Player Analysis: Cade Cowell
Since the start of 2020, Major League Soccer has moved 10 homegrown players to European clubs for over $40 million before bonuses. America’s top division has quickly moved from “retirement league” to a league developing both domestic and foreign talent at an impressive rate. The rate of these sales is not going to decrease in the immediate future and is more likely to increase for a multitude of factors.
Cade Cowell will soon be a beneficiary of the work of his predecessors who have gained the trust of clubs around Europe. FC Dallas and Philadelphia Union are largely to thank for the aforementioned $40 million figure with Brenden Aaronson, Mark McKenzie, Bryan Reynolds, Reggie Cannon, and Tanner Tessmann making up more than half the transfer sum. Cade Cowell would certainly not be out of place on this list of players and will join the United States players in Europe sooner than later.
Despite an inevitable departure from MLS in the future, Cowell will be leaving a team who hasn’t had a notable departure since Eddie Lewis went to Fulham in 1999. Unlike the FC Dallas and Philadelphia Union players, Cowell has made a name for himself at an organization which is not known to produce great talent and has done so before turning 18-years-old.
At the time of signing for the Earthquakes in 2019, Cade Cowell was the youngest player to sign a homegrown contract for the club. With this contract, Cowell adopted a great deal of pressure from both local Quakes fans, and USMNT fans. Despite this, his ascension has been nothing short of spectacular and has exceeded the expectations of many at a young age.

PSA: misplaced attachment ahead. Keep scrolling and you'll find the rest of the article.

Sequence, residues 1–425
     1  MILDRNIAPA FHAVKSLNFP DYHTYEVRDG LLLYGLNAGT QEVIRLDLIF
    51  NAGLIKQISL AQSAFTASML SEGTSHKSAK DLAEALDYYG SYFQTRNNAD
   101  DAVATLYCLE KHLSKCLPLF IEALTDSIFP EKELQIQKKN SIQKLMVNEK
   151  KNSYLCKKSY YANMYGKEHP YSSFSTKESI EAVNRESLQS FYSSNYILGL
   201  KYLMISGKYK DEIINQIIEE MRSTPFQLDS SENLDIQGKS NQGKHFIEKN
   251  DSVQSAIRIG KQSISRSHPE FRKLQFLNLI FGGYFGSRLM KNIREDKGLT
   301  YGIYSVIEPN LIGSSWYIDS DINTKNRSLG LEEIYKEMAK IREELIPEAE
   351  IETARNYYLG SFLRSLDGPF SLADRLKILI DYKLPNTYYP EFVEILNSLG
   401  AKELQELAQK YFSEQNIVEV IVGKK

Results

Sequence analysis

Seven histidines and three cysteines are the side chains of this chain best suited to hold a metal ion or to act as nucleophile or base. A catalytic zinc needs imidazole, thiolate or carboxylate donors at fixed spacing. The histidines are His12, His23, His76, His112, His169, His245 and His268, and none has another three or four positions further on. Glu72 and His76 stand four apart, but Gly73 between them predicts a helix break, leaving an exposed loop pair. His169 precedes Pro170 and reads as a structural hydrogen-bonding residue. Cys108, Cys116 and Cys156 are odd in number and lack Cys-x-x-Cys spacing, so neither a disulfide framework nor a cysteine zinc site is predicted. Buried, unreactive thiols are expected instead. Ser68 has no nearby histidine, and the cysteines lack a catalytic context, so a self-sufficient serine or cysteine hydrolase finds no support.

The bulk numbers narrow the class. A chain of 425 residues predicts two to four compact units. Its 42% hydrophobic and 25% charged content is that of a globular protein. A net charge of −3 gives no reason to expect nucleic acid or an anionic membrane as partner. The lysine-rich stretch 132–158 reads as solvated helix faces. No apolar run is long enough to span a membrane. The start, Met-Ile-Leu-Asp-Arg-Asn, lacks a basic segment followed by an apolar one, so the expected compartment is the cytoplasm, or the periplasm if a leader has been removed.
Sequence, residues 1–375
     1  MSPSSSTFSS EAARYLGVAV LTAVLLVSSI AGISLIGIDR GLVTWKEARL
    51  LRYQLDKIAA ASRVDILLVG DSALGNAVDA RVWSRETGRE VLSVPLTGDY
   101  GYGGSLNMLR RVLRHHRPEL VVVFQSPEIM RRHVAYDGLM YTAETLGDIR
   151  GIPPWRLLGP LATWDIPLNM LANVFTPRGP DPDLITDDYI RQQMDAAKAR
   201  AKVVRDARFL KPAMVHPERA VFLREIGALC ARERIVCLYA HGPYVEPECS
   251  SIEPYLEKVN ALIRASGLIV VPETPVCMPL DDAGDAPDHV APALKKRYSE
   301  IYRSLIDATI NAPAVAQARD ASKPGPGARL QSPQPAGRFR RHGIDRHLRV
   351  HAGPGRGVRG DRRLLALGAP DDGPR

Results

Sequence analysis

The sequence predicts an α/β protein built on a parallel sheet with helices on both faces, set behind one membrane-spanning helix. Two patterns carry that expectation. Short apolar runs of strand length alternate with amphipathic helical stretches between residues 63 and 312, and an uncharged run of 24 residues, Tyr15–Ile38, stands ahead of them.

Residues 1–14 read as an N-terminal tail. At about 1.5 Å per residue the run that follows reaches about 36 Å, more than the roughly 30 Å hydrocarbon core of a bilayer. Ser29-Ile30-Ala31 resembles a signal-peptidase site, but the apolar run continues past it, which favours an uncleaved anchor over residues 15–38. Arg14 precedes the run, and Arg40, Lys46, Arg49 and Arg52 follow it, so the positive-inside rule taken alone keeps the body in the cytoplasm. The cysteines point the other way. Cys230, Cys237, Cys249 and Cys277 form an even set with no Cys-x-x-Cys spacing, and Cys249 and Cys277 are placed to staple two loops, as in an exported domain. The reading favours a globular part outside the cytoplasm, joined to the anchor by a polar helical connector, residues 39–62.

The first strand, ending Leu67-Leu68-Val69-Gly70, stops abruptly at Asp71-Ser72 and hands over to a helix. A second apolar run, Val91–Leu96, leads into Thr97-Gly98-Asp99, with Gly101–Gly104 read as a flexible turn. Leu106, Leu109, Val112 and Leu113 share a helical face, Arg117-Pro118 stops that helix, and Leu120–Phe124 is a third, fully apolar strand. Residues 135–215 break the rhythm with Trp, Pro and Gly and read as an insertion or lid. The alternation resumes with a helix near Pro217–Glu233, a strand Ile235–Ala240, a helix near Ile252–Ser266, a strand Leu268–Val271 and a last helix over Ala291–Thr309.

Cowell made 17 appearances in MLS in 2020 but was mostly featured as a substitute as a 16-year-old. Just a year later and with half a season remaining, Cowell has matched his total appearances from last season, but started 13 of them. Throughout this breakout campaign Cowell has spent many matches being Matias Almeyda’s most dangerous player on the field.
Style of Play
Before noting exactly what Cowell does on a pitch it’s important to talk about why he’s able to do so. At just 17-year-old, the forward is physically strong, and superior in pace to any defender he comes up against. One thing that often gets lost when analyzing the teenager due to the work he does in possession, is how good he is off the ball.
Through a combination of strength and skill, Cowell makes himself a great outlet for his teammates when needed. If a Quake defender is under pressure, and Cowell is left with just one opponent in his vicinity, it’s likely Cowell will control the pass with his back to goal and hold the defender off for long enough to relieve pressure for the time being.
This is a trait which he has been working on since the beginning of the season and will be talked about with a quote from Cowell later in this article. Additionally, his pace makes him even more dangerous running onto the ball than he is when the ball is coming into his feet. Despite this, it’s obvious after just a few minutes of watching Cowell play that his physical assets are an added perk to a player who appreciates the use of feints and flicks.
In a game vs FC Dallas earlier in the 2021 campaign, Cowell showed just how good he can be on the ball in dangerous areas of the field. In this instance, he found himself alone in the penalty area with 3 Dallas defenders and the goalkeeper to beat. Like many elite dribblers, Cowell shares the trait of not needing to touch the ball itself to beat a man. For him, body feints are often enough. In this clip, he beats two Dallas defenders with feints before finishing in the bottom corner.